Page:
Stack Overflow is a community of 4.7 million programmers, just like you, helping each other.

Join them; it only takes a minute:

Sign up
Join the Stack Overflow community to:
  1. Ask programming questions
  2. Answer and help your peers
  3. Get recognized for your expertise

unique_ptr is quite useful. However, it is not copyable. If virutal clone (deep copy) methods are provided for its pointed class, I think it will become more useful. Is it necessary or any better way to implement it? Any similar smart pointer exist in some library? Here is a version

template<class T>
class deep_ptr: private unique_ptr<T>
    using unique_ptr<T>::operator *;
    using unique_ptr<T>::operator ->;
    using unique_ptr<T>::operator bool;
    using unique_ptr<T>::release;
    using unique_ptr<T>::reset;
    using unique_ptr<T>::get;


    explicit deep_ptr(T* p) : unique_ptr(p) {}

    deep_ptr(deep_ptr const& r) : unique_ptr(r->clone()) {}

    deep_ptr& operator=(deep_ptrconst& r)
    { if (this != &r) reset(r->clone()); return *this; }

Juse feel it is very useful but never see similar things. ???

share|improve this question
Can you post a few lines of code to indicate how you intend to use it? – R Sahu Jun 20 '14 at 20:10
@GuyGreer Oh my bad, I misinterpreted the question. – Brian Jun 20 '14 at 20:11
@GuyGreer - shared_ptr does not have deep nor shallow copy semantics. That is up to the object that it points to – Ed Heal Jun 20 '14 at 20:12
@EdHeal I meant copying a shared_ptr does not copy the underlying object, which makes it a shallow copy, unless I'm misunderstanding something. – GuyGreer Jun 20 '14 at 20:13
"... However, it is not copyable" - Making it copyable would create a situation where two unique_ptr's manage the same object. This would break the single ownership semantics of unique_ptr. – Captain Obvlious Jun 20 '14 at 20:16
up vote 3 down vote accepted

Unless I am misunderstanding what you are looking for, if a class has a clone method, that should be sufficient to get what you are looking for.

Sample code:

#include <iostream>
#include <memory>

struct A
   virtual ~A() {}
   virtual A* clone() = 0;

struct B : A
   B(int in = 0) : x(in) {}
   B(B const& copy) : x(copy.x) {}
   virtual ~B() {std::cout << "In B::~B()\n";}

   virtual A* clone() { return new B(*this); }
   int x;

int main()
   std::unique_ptr<A> p1(new B(10));
   std::unique_ptr<A> p2(p1->clone());
   return 0;

Output from running the above program:

In B::~B()
In B::~B()
share|improve this answer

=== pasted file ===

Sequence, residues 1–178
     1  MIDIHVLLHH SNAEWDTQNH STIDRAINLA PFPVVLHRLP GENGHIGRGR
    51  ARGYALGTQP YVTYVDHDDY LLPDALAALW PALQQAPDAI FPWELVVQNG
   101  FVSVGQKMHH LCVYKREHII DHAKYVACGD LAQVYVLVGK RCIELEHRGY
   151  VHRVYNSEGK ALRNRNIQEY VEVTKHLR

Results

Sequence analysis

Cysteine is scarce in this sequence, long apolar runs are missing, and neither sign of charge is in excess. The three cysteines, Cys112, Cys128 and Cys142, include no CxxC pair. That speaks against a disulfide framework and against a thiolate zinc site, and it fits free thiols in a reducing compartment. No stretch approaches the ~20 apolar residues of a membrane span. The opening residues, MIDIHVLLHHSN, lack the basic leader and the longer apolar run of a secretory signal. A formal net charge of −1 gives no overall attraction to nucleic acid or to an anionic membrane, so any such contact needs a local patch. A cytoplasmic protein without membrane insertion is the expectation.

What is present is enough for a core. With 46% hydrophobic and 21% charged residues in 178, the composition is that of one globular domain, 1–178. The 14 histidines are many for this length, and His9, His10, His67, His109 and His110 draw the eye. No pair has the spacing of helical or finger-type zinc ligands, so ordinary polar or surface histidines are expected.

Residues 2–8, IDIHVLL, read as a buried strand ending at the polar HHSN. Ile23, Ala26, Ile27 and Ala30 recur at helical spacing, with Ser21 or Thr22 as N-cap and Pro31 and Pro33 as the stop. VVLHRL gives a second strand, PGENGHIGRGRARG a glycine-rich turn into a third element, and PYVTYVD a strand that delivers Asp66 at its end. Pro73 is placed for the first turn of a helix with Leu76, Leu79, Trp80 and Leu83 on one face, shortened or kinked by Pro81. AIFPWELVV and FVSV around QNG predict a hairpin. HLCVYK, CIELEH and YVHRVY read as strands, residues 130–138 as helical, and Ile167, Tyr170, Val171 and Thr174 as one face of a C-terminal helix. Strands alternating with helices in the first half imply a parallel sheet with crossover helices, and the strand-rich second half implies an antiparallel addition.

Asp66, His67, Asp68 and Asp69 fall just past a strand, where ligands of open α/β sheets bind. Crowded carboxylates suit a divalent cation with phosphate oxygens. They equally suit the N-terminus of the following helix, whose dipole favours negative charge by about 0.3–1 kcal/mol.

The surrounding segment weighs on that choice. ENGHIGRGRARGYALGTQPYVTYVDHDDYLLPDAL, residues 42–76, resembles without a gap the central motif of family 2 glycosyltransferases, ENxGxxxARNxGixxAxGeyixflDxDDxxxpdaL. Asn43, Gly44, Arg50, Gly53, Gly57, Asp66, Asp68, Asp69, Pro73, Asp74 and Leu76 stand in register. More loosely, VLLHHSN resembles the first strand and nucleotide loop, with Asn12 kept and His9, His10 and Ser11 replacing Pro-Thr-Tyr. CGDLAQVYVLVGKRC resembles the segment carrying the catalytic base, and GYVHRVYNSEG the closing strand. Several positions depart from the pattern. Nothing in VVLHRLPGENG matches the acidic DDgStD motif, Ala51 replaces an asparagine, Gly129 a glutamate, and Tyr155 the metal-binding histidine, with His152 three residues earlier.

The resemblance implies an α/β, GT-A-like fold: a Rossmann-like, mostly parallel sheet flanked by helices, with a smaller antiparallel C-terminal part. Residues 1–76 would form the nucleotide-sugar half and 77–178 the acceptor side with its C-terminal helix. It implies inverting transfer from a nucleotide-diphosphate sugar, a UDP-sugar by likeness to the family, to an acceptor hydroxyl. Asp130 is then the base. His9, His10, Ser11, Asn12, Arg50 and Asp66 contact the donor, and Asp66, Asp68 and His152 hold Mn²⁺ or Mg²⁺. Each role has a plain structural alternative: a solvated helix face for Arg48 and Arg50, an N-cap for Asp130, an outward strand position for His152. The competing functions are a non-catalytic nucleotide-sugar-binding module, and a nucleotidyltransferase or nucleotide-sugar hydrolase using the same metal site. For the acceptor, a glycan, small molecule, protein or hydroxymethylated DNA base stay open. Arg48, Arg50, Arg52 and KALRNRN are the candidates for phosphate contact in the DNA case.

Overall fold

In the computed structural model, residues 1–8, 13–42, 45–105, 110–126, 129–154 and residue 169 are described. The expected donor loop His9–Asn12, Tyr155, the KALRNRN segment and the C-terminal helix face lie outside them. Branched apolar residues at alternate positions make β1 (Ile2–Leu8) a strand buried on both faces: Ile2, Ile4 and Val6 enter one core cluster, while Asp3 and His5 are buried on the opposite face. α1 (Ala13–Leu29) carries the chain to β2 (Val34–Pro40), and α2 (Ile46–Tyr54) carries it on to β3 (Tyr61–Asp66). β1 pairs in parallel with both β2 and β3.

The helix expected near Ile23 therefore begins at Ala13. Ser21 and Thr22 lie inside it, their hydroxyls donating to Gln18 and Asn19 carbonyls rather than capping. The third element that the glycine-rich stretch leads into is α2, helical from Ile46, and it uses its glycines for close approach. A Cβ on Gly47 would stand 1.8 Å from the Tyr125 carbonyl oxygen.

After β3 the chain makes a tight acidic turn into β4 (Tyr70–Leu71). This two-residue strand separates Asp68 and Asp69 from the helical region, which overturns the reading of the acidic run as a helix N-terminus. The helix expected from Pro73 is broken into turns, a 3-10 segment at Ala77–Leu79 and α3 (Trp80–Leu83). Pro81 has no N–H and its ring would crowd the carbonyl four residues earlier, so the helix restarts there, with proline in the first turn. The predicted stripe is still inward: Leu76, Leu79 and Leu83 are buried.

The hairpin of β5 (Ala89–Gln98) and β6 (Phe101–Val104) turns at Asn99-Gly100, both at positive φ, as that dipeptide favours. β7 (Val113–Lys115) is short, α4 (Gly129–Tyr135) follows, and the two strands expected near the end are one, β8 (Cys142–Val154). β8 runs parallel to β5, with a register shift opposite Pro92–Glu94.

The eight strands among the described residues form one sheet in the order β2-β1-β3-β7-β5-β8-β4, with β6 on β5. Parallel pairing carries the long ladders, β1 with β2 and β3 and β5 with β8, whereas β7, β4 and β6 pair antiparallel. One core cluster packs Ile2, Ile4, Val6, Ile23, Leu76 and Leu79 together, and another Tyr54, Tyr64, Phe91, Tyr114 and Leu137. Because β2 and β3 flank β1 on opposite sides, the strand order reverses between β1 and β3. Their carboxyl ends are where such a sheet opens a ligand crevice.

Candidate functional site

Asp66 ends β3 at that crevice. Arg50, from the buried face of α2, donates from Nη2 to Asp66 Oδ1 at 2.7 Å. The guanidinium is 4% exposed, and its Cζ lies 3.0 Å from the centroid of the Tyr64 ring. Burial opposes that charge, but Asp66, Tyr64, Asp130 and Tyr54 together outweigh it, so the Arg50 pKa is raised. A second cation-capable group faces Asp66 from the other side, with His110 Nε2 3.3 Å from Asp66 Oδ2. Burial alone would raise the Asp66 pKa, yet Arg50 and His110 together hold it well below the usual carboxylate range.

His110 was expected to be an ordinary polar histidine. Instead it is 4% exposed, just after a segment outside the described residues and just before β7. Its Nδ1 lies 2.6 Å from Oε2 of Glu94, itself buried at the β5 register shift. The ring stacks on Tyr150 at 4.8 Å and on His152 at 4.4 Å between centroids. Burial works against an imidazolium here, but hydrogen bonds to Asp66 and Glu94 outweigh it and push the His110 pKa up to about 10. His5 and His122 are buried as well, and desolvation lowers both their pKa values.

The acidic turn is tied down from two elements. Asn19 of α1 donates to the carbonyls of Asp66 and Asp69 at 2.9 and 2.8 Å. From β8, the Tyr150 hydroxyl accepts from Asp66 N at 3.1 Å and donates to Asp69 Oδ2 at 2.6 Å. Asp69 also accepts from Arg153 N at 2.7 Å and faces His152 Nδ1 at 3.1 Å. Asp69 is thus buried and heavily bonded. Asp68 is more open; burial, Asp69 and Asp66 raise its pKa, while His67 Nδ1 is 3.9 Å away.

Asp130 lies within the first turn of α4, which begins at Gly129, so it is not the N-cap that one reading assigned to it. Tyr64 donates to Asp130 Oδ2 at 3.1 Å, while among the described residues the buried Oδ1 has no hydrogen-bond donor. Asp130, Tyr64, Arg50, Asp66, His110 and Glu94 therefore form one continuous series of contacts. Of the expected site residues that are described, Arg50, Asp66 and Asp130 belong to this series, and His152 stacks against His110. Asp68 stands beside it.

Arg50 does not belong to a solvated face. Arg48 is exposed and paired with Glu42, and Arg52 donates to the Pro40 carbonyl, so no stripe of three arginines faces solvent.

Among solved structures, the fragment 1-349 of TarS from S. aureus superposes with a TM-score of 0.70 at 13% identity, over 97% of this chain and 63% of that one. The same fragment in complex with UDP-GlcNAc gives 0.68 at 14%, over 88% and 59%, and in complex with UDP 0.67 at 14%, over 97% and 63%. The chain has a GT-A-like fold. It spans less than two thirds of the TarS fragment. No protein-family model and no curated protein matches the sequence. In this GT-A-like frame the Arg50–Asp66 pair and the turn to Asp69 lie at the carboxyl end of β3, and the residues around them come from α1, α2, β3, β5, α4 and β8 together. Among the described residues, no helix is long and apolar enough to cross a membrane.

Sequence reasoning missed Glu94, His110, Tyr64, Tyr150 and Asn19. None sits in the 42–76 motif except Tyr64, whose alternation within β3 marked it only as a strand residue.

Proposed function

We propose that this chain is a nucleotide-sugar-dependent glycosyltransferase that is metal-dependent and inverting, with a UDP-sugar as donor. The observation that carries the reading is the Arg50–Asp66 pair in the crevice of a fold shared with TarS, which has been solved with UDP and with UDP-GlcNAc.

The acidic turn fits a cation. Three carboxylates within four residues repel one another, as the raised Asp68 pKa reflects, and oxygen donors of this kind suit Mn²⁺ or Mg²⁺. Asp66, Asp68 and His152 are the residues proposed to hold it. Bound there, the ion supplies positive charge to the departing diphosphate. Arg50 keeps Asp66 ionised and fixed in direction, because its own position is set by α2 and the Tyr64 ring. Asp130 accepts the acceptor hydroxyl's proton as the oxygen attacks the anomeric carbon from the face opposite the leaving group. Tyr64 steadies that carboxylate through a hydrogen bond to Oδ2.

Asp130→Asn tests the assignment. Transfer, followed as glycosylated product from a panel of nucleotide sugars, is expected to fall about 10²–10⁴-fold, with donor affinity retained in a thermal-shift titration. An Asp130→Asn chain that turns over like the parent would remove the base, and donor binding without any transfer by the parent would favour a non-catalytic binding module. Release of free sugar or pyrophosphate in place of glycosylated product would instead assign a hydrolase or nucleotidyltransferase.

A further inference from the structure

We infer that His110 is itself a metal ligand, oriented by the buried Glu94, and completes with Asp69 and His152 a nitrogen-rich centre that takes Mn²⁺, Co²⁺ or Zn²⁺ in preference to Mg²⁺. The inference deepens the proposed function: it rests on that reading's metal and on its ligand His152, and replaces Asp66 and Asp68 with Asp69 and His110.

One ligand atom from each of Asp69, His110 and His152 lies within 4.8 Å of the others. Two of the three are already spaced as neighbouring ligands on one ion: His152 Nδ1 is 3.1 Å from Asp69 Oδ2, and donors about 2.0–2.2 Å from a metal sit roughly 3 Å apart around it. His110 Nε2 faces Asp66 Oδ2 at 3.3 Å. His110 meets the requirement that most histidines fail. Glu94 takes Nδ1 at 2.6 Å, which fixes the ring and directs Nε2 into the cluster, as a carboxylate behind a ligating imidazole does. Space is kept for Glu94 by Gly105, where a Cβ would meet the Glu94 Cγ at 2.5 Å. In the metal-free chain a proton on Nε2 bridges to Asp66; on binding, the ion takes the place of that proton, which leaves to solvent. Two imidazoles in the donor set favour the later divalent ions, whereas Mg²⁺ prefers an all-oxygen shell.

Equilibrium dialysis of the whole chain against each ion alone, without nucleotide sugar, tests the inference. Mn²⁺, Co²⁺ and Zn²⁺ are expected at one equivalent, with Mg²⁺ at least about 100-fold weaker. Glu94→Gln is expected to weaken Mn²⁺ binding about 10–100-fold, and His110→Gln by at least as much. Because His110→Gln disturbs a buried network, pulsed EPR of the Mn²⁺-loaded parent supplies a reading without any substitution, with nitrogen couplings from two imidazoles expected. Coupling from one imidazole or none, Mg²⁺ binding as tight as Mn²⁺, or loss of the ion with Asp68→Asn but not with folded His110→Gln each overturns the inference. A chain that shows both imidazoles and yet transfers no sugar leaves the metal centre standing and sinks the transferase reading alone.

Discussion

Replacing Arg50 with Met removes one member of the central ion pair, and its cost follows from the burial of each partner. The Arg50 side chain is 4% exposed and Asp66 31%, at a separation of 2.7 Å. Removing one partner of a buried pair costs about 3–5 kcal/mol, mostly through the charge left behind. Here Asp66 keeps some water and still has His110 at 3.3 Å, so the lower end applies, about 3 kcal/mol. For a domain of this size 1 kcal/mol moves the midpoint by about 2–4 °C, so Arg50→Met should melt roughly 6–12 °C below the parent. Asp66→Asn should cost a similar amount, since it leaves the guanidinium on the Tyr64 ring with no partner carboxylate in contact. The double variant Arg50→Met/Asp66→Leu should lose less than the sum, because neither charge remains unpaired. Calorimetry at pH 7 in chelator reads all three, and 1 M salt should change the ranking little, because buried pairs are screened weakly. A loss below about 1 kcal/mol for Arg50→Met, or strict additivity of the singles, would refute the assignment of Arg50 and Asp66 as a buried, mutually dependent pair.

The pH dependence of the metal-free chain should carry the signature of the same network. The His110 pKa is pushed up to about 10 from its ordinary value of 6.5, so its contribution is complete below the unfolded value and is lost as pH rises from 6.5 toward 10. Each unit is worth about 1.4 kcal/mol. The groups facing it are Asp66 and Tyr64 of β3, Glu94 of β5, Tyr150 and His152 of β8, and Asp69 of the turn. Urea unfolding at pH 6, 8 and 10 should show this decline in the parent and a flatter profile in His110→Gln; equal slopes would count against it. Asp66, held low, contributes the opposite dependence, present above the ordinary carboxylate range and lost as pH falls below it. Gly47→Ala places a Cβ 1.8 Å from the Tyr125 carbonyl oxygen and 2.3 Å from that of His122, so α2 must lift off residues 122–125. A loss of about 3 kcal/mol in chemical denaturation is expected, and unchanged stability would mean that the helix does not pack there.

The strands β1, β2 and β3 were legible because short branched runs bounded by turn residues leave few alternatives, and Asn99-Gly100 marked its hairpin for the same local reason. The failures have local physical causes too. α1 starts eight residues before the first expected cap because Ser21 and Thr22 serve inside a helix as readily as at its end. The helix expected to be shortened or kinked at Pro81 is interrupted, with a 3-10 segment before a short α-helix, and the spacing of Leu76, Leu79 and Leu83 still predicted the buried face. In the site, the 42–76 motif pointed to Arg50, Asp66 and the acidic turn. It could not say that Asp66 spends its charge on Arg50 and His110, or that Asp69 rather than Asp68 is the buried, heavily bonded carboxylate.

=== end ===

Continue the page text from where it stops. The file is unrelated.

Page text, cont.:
If the pointer is a member of a class which is deep-copyable. I cannot use the implict copy constructor. – user1899020 Jun 20 '14 at 20:31
@user1899020, do you mean "if the std::unique_ptr is a member of a class ..."?? – R Sahu Jun 20 '14 at 20:36
like class A { unique_ptr<B> mB; ... } and to make A copyable, we need to write a copy constructor. If using deep_ptr, we can use compiler-provided version. – user1899020 Jun 20 '14 at 20:49
@user1899020, Unless you have lots of such classes, it is better to write a copy constructor for A than to derive from std::unique_ptr. – R Sahu Jun 20 '14 at 20:51

Without a clone method (just a copy-constructor) the following should work:

template <typename T>
class deep_ptr
  deep_ptr() : i_() {}

  deep_ptr(std::nullptr_t) : i_(nullptr) {}

  template <typename U>
    deep_ptr(U* u) : i_(u ? new inner_impl<U>(*u) : nullptr) {}

  ~deep_ptr() { delete i_; }

  deep_ptr(const deep_ptr& p) : i_(p.i_ ? p.i_->copy() : nullptr) {}

  deep_ptr& operator=(const deep_ptr& p)
    if (!p.i_) { i_ = nullptr; }
    else { i_ = p.i_->copy(); }

  deep_ptr(deep_ptr&& p) : i_(p.i_) { p.i_ = nullptr; }

  deep_ptr& operator=(deep_ptr&& p)
    i_ = p.i_;
    p.i_ = nullptr;

  const T* operator->() const { return get(); }

  const T* get() const
    if (i_) { return *i_; }
    return nullptr;

  const T& operator*() const { return *static_cast<T*>(*i_); }

  T* operator->() { return get(); }

  T* get()
    if (i_) { return *i_; }
    return nullptr;

  T& operator*(){ return *static_cast<T*>(*i_); }

  struct inner
    virtual inner* copy() const = 0;
    virtual operator const T*() const  = 0;
    virtual operator T*() = 0;
    virtual ~inner() {}

  inner* i_;

  template <typename U>
  struct inner_impl : inner
    inner_impl(const U& u) : u_(u) {}
    inner_impl* copy() const override { return new inner_impl(u_); }
    operator const T*() const override { return &u_; }
    operator T*() override { return &u_; }

    U u_;
share|improve this answer

Your Answer


By posting your answer, you agree to the privacy policy and terms of service.

Not the answer you're looking for? Browse other questions tagged or ask your own question.